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Publication numberUS5242264 A
Publication typeGrant
Application numberUS 07/564,344
Publication dateSep 7, 1993
Filing dateAug 8, 1990
Priority dateAug 30, 1989
Fee statusLapsed
Also published asDE69018902D1, DE69018902T2, EP0415217A1, EP0415217B1
Publication number07564344, 564344, US 5242264 A, US 5242264A, US-A-5242264, US5242264 A, US5242264A
InventorsYoshitaka Kojima, Noriyuki Ohnaka, Shizuka Yamaguchi, Shoichi Nakashima, Sai Ogawa, Masayuki Doi, Seishin Kirihara
Original AssigneeHitachi, Ltd.
Export CitationBiBTeX, EndNote, RefMan
External Links: USPTO, USPTO Assignment, Espacenet
Machine on ground provided with heat resistant wall used for isolating from environment and heat resistant wall used therefor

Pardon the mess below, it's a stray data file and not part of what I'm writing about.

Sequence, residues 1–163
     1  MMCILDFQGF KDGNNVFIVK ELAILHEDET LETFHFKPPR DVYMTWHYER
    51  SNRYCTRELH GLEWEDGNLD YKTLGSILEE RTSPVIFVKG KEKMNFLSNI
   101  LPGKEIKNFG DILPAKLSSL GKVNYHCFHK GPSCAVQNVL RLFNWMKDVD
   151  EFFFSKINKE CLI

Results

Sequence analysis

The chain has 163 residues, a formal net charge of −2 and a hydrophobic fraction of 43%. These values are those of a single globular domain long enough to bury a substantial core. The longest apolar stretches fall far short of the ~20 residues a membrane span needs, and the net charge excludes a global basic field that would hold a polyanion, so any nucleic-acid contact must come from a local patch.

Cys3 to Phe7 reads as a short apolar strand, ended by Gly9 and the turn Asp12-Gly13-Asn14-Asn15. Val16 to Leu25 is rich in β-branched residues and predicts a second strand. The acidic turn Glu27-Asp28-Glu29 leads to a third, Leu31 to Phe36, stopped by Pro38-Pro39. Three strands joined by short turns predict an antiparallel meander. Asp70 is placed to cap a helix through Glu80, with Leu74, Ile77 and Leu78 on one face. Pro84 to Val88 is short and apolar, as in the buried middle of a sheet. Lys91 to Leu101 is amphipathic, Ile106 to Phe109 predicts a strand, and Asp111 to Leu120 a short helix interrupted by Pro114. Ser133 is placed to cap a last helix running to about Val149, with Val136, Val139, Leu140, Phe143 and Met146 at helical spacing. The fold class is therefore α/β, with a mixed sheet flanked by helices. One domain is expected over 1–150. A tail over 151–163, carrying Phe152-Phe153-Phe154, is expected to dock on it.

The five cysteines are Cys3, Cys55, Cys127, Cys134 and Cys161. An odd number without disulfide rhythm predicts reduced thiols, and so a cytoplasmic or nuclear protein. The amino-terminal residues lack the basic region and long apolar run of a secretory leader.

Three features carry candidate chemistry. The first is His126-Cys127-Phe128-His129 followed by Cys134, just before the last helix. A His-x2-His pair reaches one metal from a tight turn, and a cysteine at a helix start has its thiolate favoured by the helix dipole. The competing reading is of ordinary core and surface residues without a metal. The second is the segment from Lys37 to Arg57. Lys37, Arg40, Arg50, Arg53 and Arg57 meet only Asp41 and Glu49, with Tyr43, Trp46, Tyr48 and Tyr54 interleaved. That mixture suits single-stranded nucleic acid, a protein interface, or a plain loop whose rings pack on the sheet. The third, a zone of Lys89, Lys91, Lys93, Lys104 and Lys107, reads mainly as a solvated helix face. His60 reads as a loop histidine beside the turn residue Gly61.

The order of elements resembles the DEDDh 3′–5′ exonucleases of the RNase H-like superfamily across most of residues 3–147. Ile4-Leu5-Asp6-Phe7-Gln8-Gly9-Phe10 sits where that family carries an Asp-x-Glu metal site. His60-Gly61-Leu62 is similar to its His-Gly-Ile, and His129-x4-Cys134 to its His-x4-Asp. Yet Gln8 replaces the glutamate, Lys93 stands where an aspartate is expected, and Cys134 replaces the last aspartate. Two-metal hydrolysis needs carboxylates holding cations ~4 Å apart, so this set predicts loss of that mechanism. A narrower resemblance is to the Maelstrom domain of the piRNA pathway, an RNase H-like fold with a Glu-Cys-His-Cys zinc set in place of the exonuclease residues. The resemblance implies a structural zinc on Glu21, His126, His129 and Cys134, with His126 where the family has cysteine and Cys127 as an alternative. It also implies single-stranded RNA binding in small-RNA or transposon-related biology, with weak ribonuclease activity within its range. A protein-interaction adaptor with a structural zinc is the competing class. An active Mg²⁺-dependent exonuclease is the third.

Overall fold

US 5242264 A
Abstract
The disclosure is concerned with a thermal land machine which comprises a heat resistant wall for confining a chamber; a heat resistant composite structure disposed in the chamber and in contact with a hot flowing gas; and an apparatus for introducing the hot gas toward the surface of the composite structure. The composite structure including a heat resistant substrate and a continuous refractory coating formed on the substrate and made of a ceramic material. The refractory coating includes at least two layers in a laminated structure each having fine cracks substantially extended in the direction of the thickness of each of the layers and filled with a refractory material in such a manner that the filled cracks in one layer are disconnected with the filled cracks in the adjacent layer. Therefore, the hot gas cannot permeate into the surface of the substrate.